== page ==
SkillOnNet software - Non-random/Not Fair

First published in August 27th, 2012

After receiving requests from a couple of casinos utilising SkillOnNet software for reviews we agreed and began our review procedures. During the discovery process (that’s where we research the casinos at various player resources to try and find out if any other players have been having difficulties) we came across this thread from 2009 on CasinoMeister - - detailing problems with the SkillOnNet video poker double up or gamble feature, where after generation of data the CasinoMeister members had shown with a very high degree of certainty that SkillOnNet’s Video Poker gamble feature was non-random. Despite the fact that one of the main contributors to the CasinoMeister thread was aka23 – the owner of Beating Bonuses and an expert in the field of game analysis - as this thread was now several years old I decided that it would not be fair to draw any judgement from it. Instead I asked one of my reviewers to sign-up and play at a SkillOnNet casino and together we would conduct our own test.

Unfortunately the results of this test confirmed the worst. In of 301 gambles we experienced 193 losses and only 108 wins. Worse than that, of the 22 gamble sequences that resulted in a third gamble, we did not experience a single win.

I should explain a few things before we go any further; firstly the gamble feature. When playing most video poker games, at the completion of a hand if the player has experienced a win it is standard to provide the option to gamble the winnings. This is a completely separate bet where the winnings of the video poker hand are wagered on what the colour of the next card will be. As the card should be dealt from a full deck – with jokers removed – it should be a 50/50 chance of receiving a red or black card, giving the casino no edge over the player. In fact the gamble feature is normally the only wager you can make in a casino where you have the same chances as the casino, every other game most casinos offer will provide the casino an edge over the player.

Now if the gamble feature is in fact fair, the odds of winning should be 50% and we should have seen somewhere around 150 win and 150 losses. Alongside this a sequence of 3 wins should have occurred approximately once in every eight sequences. In 193 separate sequences, we did not see a single three win sequences.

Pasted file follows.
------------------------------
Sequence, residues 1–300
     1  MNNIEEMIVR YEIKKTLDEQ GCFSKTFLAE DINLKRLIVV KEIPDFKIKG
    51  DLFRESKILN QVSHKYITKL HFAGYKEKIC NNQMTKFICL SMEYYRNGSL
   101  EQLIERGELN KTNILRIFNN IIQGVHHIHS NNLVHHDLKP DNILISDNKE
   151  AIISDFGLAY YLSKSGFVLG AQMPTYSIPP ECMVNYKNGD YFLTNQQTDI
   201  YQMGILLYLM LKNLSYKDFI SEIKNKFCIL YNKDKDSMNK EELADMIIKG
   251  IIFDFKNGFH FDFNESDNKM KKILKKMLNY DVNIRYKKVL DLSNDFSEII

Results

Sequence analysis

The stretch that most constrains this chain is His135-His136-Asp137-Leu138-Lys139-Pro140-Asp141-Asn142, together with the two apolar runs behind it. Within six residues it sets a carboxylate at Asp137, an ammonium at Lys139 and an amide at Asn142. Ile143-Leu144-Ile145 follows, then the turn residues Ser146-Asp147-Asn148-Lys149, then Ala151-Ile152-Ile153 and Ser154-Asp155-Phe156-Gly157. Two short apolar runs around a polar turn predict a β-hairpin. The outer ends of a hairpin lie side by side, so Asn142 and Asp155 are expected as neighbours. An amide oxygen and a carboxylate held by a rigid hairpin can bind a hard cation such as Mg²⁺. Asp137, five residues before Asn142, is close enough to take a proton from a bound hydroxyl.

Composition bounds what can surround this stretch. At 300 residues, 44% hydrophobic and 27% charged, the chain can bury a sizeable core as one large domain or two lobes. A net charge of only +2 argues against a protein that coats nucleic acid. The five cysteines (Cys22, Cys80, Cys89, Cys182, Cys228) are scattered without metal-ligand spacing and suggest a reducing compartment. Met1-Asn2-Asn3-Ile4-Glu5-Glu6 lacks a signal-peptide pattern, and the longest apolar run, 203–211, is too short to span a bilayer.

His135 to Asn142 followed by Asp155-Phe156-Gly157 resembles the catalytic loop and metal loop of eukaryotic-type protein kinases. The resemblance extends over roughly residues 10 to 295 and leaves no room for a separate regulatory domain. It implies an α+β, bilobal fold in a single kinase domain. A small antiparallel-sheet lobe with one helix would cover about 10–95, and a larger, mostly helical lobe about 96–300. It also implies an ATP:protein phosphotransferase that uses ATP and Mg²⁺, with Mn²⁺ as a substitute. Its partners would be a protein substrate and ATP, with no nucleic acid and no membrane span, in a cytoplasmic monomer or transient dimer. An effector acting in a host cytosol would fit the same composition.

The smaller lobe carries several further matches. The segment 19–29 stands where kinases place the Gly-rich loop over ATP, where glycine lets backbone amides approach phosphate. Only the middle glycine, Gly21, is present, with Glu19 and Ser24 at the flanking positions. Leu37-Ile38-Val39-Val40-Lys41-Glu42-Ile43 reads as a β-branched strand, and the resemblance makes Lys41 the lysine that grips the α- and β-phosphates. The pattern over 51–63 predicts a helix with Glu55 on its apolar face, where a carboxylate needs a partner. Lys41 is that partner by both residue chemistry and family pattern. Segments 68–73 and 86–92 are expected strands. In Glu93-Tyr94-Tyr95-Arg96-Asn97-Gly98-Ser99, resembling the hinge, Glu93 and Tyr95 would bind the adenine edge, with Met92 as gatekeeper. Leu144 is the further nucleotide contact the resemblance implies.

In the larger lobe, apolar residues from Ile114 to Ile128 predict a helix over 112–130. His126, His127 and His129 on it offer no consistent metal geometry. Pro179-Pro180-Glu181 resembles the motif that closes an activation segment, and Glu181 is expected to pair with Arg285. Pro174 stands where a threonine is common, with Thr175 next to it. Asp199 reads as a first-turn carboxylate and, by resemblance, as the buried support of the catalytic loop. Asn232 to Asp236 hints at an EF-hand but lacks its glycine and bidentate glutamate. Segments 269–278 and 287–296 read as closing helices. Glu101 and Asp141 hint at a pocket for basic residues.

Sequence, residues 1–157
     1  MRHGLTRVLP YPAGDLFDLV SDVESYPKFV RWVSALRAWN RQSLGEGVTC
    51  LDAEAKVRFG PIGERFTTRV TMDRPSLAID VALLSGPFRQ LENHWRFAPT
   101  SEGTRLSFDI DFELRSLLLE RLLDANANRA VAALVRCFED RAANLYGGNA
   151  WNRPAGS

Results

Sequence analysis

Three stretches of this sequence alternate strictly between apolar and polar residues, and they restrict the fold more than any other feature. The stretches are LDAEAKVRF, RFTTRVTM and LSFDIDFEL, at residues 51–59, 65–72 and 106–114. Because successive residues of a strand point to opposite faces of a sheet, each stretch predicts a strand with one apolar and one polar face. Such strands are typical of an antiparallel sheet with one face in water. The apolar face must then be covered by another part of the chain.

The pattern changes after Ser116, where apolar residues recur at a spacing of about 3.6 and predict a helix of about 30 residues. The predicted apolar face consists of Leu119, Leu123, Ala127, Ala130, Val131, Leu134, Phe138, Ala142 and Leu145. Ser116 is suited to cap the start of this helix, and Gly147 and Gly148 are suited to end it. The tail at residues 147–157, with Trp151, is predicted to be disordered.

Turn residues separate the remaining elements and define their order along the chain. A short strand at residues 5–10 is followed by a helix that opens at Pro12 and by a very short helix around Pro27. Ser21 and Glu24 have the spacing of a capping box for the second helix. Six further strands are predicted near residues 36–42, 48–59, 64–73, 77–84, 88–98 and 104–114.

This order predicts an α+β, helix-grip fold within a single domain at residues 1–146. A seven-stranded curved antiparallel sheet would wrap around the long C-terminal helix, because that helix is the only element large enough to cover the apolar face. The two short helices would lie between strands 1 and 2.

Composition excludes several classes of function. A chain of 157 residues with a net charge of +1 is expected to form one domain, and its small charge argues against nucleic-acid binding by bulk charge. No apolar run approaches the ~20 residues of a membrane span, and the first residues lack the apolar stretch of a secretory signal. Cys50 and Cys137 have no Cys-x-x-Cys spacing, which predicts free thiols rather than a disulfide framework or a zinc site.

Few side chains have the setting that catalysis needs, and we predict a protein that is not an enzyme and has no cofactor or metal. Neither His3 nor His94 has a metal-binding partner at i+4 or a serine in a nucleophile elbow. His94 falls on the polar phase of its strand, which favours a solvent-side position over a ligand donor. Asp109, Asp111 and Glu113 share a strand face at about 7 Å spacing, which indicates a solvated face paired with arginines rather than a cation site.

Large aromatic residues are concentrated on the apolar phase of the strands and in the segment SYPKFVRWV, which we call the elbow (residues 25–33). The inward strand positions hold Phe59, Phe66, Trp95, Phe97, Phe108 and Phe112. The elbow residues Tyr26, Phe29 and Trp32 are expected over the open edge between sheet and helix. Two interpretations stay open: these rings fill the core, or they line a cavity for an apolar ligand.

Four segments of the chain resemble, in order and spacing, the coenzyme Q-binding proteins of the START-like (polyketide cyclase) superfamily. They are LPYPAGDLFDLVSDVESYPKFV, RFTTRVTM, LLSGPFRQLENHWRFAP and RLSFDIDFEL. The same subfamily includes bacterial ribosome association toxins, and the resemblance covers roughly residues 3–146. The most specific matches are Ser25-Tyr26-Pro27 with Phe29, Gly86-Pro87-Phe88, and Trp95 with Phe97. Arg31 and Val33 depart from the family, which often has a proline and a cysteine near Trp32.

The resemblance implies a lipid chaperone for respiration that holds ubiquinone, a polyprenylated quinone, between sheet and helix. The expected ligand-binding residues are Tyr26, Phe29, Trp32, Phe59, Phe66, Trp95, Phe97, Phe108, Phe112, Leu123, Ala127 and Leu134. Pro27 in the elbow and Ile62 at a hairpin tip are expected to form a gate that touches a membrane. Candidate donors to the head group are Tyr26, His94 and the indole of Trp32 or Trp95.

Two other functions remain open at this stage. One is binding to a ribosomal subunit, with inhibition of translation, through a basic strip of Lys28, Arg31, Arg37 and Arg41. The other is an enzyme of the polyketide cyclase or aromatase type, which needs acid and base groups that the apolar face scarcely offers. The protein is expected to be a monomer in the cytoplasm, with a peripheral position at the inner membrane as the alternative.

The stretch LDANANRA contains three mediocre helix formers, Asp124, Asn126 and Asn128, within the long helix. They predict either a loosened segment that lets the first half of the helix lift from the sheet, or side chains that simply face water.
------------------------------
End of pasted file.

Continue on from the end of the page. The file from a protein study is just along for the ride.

All of this may seem fairly damning or inconclusive depending on the levels of your mathematical knowledge. For this reason we need to run some statistical analysis of these figures to determine how conclusive they really are. Firstly to check how far away from the average result we have fallen from the average result we use a measurement called Standard Deviation (SD). We calculate the number of SDs away from the average result we are by taking the difference between the expected results and actual results and dividing by the Standard Deviation (SD) across the full events. The SD of 301 binomial events is

SQRT(n*p*(1-p)) = SQRT (301*0.5*0.5) = 8.67

Where n is the number of trials and p is the probability of a loss (or win – as they should be equal it makes no difference).

For the 193 losses (or 108 wins) out of 301 event, the number of SDs calculation is

(193 - 150.5) / 8.67 = 4.9

A 4.9 SD event is extremely rare so we now have evidence to suggest something is wrong, but we need to know just how rare so we’re going to use the Binomial Distribution. The simplest way to do this is to use the BINOMDIST function in Open Office which takes the form of “=BINOMDIST(n; t; p; 1)” which you enter into the formula bar where n is the number of wins, t is the number of trial and p is the probability of a loss. Entering these figures we get

=BINOMDIST(108; 301; 0.5; 1) = 5.50575099572453E-007 = 0.000000050575099572453

To simplify this, if you were to play 301 gambles two million times, you would only expect a result this negative once.

Now that’s fairly conclusive in itself, but one in two million events do sometime happen (approximately 1 in every 2000000 times). But we didn’t just have one extremely rare event, we had two. Two independent samples taken years apart where there was a strong correlation between the sample sets. What are the chances of these two extremely rare events happening in conjunction like this? For this we just combine the data sets and go straight back to the Binomial Distribution.

=BINOMDIST(226; 616; 0.5; 1) = 1.97595439741614E-011 = 0.0000000000197595439741614

Once again to simplify this, if you were to play 616 gambles 50 billion times (!!!) you could expect to only win 226 of them once. At this point we can safely say that it is beyond extremely unlikely that this game offers a 50% chance of winning.

The second task we needed to look at was establishing what the true chance of receiving a loss when playing the SkillOnNet gamble feature was. For this we used this article -